The End of 19th Century Energy Regimes?

There was an interesting story in the New York Times the other day about China and its decision to embark on an energy conservation program.  Unlike the United States, in which the need for energy conservation came like a slap in the face during the 1970s followed by a  hot and cold relationship with the policy over the next three decades, China has always seemed to me the most apt comparison with the energy regimes of the 19th century.  During the period of my research, the idea that coal was an infinite resource restricted only by the amount that could be removed from the ground held sway.  Smokestacks equaled progress and the idea that nations should somehow limit their consumption of fuel not only seemed strange; it was downright unpatriotic.  Now that China has embraced conservation (at least for the moment), does this sound the death knell for this mentality? Of course, the global markets for energy make it a somewhat different equation these days, but it should be interesting to see if we can finally see the scales tip in favor of conservation in the future.

Read the Times article here.

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Jackson on (and then off) Broadway

It’s been a while since I’ve updated this blog.  During the long interlude I had the chance to attend the musical, Bloody Bloody Andrew Jackson, at the Bernard B. Jacobs Theater in New York City.  I’m not a Broadway regular and so perhaps I was dazzled by the high-level production and performance package that characterize these shows, but I must say that I was impressed with the sharp satire woven into the show.  AJ rarely finds himself in the mass entertainment world these days; this show did a nice job of making him seem at least relevant, if not exactly admirable.  Since it was canceled in early January 2011, I hope that I was not among the last to see it!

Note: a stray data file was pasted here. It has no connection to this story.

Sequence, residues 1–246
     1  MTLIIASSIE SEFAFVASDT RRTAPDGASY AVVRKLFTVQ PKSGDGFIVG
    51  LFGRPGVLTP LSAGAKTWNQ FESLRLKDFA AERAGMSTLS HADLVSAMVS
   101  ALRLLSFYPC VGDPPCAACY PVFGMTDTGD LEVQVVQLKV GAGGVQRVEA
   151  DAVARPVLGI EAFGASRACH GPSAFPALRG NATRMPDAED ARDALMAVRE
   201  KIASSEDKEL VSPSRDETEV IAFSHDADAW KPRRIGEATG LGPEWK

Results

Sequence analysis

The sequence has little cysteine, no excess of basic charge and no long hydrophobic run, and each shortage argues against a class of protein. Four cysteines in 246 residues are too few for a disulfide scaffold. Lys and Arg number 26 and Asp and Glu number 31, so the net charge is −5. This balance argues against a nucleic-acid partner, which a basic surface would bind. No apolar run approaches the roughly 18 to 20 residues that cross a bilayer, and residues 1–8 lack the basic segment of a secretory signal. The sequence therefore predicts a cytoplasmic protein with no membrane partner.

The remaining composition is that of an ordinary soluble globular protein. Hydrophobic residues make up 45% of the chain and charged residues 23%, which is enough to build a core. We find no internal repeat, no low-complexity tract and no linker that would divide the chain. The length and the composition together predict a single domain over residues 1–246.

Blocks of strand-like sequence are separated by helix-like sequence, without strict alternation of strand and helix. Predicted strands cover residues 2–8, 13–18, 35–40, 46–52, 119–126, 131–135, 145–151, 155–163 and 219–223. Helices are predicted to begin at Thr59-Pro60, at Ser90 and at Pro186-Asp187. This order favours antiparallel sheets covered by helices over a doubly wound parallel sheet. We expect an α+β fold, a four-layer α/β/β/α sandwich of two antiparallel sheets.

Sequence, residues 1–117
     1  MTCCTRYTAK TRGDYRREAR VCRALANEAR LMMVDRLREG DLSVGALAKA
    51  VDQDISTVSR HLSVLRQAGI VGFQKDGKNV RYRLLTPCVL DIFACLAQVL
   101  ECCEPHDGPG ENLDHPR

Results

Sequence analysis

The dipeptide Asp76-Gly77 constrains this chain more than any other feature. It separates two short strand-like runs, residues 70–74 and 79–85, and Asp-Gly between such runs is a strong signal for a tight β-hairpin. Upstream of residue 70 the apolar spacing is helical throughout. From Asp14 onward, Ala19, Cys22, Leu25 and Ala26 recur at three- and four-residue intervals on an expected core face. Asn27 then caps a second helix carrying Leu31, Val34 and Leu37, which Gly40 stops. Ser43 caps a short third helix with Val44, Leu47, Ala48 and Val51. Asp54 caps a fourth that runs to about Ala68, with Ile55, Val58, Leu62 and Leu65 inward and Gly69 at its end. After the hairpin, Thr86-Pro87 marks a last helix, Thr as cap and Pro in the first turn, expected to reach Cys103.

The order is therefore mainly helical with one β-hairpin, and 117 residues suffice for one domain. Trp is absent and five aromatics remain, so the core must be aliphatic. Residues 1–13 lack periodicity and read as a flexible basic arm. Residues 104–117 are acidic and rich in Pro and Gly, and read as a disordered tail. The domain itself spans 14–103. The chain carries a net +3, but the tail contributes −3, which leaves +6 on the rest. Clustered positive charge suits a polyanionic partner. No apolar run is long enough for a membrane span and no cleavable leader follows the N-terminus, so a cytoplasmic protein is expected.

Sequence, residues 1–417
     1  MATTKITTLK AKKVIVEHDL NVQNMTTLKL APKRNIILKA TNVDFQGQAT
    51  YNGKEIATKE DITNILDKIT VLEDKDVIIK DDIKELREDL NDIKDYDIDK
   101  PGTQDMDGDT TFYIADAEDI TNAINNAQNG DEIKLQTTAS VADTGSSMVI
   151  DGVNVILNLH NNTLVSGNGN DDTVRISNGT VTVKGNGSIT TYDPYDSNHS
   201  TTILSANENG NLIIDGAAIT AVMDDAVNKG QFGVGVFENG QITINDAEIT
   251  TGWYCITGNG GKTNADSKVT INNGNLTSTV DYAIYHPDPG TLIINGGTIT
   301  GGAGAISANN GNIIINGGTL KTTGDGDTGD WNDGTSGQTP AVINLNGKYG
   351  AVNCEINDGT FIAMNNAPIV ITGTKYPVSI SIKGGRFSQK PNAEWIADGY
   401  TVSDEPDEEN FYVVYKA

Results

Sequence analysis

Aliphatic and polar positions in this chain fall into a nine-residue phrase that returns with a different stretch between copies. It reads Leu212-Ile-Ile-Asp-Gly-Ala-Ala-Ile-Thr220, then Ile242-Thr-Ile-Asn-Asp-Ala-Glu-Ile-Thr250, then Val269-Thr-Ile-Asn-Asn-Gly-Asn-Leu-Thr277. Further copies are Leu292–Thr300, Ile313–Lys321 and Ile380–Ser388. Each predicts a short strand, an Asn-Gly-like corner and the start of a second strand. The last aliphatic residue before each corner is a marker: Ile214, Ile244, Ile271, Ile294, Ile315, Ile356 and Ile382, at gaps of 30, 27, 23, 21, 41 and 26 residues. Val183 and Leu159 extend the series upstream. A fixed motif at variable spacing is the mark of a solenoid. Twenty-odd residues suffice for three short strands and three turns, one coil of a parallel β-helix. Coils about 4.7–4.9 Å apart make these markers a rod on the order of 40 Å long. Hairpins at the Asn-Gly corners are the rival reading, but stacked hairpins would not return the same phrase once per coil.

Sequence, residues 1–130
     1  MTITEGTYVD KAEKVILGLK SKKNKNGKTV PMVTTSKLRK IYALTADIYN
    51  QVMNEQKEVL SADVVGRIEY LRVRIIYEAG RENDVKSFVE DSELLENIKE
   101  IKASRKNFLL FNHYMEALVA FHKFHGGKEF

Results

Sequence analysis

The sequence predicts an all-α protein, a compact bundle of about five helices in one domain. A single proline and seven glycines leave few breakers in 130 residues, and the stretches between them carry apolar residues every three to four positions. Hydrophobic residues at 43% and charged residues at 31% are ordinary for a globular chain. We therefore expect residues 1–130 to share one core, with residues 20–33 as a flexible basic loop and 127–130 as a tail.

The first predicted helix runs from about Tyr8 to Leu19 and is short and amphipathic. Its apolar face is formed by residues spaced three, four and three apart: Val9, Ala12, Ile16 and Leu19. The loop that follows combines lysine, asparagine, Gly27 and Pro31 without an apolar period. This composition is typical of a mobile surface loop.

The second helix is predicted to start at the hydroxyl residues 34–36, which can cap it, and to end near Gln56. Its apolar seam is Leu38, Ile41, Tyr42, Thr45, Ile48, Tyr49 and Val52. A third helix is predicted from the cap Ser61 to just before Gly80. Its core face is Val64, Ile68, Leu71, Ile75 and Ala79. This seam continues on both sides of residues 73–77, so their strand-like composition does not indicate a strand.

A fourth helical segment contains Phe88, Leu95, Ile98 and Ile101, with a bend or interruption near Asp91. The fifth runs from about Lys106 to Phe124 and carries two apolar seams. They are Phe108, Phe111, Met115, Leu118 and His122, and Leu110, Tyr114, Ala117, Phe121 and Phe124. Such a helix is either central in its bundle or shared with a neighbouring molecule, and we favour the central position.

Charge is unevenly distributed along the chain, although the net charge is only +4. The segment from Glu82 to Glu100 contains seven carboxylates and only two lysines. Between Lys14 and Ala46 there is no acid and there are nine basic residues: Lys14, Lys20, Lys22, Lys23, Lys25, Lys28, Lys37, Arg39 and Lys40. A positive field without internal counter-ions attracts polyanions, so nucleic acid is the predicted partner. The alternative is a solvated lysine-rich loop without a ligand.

The historical accuracy of Bloody Bloody Andrew Jackson was, perhaps not surprisingly, not a priority.  The story follows AJ’s life in a 19th century setting using modern-day costuming, cultural references, and music.  I quickly dismissed any idea that I was going to catalog the various historical missteps–probably to the great relief of my friends in attendance–and instead focus on the ways in which the production attempted to make Jackson’s legacy relevant to modern sensibilities. The “rock star” image that emerged from the play seemed to make sense to me. AJ’s celebrity in his own time perplexed his contemporaries, who often found him shallow and without the usual oratory and intellectual deftness of other politicians.  Bloody, Bloody Andrew Jackson turns the tables on this image of AJ’s life, as John Quincy Adams is portrayed as a mindless fop and Henry Clay as a crazed elitist.  In the scene depicting AJ testifying before a Congressional committee about his personal life and his marriage to Rachel (if this had actually happened, I imagine that the reality would be much bloodier than the fictional version), Calhoun, Clay, and Adams frantically try to break Jackson, but AJ holds his cool demeanor and rules the day.  Once elected into office, AJ finds being the people’s president challenging as “rock star” doesn’t translate into “effective administrator” as well as he had envisioned.

There’s much more to say about this production, but I’ll withhold commentary in the hopes that someone will revive this play.  You can check out the remnant website for Bloody Bloody Andrew Jackson here. And, if you have a few million dollars laying around, please consider reviving it so that more Americans can see how their rock star president from the early 19th century fared.  As the chorus from the opening number goes, “Populism, Yeah Yeah!”

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